Dillon had just 57 yards on 18 carries against a Raven defense that hasn't allowed a 100-yard rusher since 1998. But Kitna got the ball to the people he needed, hitting 19 of 30 passes for 154 yards.
The Bengals made clear their intentions right away against Baltimore's record-setting defense.
They passed on their first six plays of the game and seven times on their first nine in an effort to get the Ravens off Dillon's back.
The ploy began to work on the series after the Ravens took a 3-0 lead on Matt Stover's 38-yard field goal with just under five minutes left in the first quarter.
With the Bengals running Dillon out of spread formations, the Ravens had trouble stopping him in their pass packages and he racked up 33 yards on his first five carries against a defense that gave him just 32 yards in two games last season.
And with Kitna's 13-yard throw to Scott and his flip to fullback Lorezo Neal, the Bengals had the ball on the Baltimore 21.
But on a first-down pass, outside linebacker Jamie
Sharper blitzed untouched and sacked Kitna to kill the touchdown drive. Then the Bengals got nothing out of it as Rackers missed his first field goal of the season when he hooked a 43-yard field-goal attempt to the left.
Yet Kitna would be sacked only one more time and the Cincinnati defense gave the Ravens nothing Especially early. And it was a good thing because Chris McAlister returned a punt 24 yards.
But the Bengals were up to it. Grbac hit seven receivers on his first seven throws in the game's first 18 minutes, but the Bengals stopped him on four of his first five third-down tries. Foley blitzed him out of the pocket on one third down and a blitz by Spikes forced the Ravens to go for Stover's field goal.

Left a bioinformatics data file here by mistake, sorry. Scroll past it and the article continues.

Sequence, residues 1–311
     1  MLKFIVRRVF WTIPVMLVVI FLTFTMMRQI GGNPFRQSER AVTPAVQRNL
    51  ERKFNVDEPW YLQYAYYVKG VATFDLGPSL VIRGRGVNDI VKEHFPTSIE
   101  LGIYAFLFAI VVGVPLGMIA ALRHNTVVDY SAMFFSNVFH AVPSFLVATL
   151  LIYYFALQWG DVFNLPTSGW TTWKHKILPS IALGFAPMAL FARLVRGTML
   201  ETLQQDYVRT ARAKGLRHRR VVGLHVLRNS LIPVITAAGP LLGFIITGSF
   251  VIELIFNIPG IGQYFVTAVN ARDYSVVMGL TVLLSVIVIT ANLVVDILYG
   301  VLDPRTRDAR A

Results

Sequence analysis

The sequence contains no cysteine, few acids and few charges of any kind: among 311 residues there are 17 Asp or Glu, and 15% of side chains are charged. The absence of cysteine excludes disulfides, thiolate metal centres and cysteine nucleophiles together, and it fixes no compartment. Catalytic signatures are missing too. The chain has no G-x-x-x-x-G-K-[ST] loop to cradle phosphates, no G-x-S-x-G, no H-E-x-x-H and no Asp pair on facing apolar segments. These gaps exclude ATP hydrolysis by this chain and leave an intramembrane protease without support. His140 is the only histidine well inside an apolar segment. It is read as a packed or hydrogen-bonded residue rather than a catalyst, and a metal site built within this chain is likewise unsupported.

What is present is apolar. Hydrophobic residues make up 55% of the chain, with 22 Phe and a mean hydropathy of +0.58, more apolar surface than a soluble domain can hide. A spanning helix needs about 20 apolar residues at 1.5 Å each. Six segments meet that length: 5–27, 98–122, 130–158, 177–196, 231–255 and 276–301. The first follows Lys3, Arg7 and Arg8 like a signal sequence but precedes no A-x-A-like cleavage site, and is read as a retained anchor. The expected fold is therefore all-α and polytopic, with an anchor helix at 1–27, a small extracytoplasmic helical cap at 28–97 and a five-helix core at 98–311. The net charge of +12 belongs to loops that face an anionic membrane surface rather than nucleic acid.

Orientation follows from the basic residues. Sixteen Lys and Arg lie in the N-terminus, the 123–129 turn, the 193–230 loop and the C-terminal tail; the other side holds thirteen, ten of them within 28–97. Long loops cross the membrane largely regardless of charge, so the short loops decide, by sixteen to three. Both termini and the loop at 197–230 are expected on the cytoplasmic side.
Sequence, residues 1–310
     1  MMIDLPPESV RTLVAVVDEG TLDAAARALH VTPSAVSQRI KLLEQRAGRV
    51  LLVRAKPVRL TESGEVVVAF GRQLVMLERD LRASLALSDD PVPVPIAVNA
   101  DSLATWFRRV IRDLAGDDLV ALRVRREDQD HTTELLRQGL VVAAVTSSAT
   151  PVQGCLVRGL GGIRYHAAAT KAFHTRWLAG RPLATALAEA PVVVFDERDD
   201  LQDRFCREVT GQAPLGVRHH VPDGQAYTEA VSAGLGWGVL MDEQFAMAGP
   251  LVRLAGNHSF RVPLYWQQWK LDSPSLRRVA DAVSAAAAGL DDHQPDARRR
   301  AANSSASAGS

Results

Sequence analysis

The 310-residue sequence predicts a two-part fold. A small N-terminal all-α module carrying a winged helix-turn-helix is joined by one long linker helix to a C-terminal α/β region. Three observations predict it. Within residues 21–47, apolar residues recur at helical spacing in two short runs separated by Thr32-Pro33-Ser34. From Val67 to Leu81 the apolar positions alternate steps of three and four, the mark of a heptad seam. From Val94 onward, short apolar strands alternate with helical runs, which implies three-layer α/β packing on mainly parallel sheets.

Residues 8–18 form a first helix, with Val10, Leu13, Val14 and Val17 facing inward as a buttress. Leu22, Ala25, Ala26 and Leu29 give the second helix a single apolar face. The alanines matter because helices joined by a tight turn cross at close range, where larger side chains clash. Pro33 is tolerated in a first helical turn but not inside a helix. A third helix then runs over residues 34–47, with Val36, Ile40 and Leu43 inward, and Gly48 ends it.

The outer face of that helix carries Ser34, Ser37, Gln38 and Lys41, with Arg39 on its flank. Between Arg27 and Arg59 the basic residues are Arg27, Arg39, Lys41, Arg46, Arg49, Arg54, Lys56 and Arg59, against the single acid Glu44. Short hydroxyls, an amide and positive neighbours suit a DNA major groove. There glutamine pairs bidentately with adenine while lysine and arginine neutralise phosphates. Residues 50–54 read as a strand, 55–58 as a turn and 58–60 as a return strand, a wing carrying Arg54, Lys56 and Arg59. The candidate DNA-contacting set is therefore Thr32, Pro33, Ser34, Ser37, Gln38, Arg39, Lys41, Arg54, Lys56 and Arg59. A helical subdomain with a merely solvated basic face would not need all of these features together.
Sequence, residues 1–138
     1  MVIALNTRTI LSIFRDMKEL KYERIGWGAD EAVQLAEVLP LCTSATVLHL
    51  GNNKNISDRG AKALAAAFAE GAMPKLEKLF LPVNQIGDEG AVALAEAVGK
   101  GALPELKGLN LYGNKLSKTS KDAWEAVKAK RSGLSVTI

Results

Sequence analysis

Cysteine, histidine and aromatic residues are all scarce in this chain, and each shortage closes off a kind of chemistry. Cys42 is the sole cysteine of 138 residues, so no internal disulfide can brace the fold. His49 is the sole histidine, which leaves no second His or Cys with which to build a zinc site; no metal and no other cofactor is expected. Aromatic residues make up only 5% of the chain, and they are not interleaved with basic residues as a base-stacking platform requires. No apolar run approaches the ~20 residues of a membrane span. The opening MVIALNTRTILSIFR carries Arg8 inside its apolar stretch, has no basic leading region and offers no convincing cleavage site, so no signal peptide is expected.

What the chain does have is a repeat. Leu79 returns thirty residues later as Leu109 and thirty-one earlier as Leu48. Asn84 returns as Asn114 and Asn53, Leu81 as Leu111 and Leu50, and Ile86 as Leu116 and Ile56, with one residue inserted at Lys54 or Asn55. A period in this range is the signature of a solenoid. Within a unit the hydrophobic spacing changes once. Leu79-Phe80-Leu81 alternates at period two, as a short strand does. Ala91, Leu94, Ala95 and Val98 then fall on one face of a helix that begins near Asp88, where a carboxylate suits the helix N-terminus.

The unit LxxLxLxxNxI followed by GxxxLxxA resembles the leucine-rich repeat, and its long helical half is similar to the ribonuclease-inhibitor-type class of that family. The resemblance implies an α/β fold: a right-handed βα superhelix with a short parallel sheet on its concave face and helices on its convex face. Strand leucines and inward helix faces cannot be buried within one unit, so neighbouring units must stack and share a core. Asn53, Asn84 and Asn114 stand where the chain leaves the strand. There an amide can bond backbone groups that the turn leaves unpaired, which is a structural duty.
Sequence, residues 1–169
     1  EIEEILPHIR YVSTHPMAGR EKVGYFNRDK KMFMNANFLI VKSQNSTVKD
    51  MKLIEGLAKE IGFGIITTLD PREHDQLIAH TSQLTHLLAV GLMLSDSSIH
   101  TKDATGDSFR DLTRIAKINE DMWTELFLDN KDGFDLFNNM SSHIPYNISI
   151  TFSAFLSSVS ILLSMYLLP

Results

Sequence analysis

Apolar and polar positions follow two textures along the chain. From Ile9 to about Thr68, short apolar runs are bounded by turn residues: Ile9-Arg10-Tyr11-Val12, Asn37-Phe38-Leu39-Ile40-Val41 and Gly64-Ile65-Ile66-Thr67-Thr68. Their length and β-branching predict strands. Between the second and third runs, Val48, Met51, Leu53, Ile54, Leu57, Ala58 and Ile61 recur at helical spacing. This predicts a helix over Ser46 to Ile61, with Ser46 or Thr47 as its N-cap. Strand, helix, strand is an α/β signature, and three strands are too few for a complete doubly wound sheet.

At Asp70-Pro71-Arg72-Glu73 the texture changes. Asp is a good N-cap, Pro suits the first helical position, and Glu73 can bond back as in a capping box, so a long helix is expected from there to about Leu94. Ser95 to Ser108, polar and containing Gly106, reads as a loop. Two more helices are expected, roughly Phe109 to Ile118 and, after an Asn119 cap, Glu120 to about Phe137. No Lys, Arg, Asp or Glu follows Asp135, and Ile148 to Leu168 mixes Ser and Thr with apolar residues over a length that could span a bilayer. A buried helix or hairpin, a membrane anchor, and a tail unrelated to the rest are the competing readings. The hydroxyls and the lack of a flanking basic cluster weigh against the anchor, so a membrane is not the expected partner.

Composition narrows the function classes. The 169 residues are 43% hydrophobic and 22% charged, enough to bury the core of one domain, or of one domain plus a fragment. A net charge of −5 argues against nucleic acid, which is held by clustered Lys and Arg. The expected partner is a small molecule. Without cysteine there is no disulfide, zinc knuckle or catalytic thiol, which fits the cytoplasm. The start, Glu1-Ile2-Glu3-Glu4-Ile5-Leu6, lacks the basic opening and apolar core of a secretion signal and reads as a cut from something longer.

The Bengals took the field under Super Bowl conditions and it just wasn't because they were playing the reigning Super Bowl champion Ravens.
Fans were greeted by bomb-sniffing dogs at the gates while an expanded force of city and county police officers roamed PBS in beefed-up security measures as the NFL got back to work for the first time since Sept. 11.
Victims of the attacks and heroes of the rescues were honored in a patriotic pre-game ceremony as fans chanted "USA, USA." The highlight was Bon Jovi's singing of "God Bless America" on the end-zone scoreboards as he was accompanied by the Manhattan police and fire departments.
The Bengals also knew it was a special day. After the starting defense was introduced, several Bengals sprinted into the end zone opposite their locker room to implore the fans. Some then knelt on one knee in the end zone.
The Bengals caught a break before the game when the Ravens relegated dangerous punt returner Jermaine Lewis to the sidelines with an injury.
Lewis, who set an NFL record last season with a 16.1-yard average, was on the inactive list.
For the second straight game, so were Bengals' receivers Danny Farmer and T.J. Houshmandzadeh. That may have been a slight surprise because that left Cincinnati with just four wide receivers in a game the Bengals figured to try some three- and four-receiver sets.
With rookie defensive end Justin Smith ready for his first NFL action Sunday, defensive end Jevon Langford was also inactive. Smith came off the bench to relieve Wilson at right end and he got work in the base defense as well as on passing downs in the line's rotation.
Smith drew praise for being active and getting to Grbac a few times as he threw the ball. He had two tackles in his debut.
"Now the next step is getting there before he throws the ball," Smith said.
Left end Vaughn Booker played pretty much on passing downs with his bruised thigh, which meant Bernard Whittington ended up starting for him and played a lot in Booker's spot in the base defense.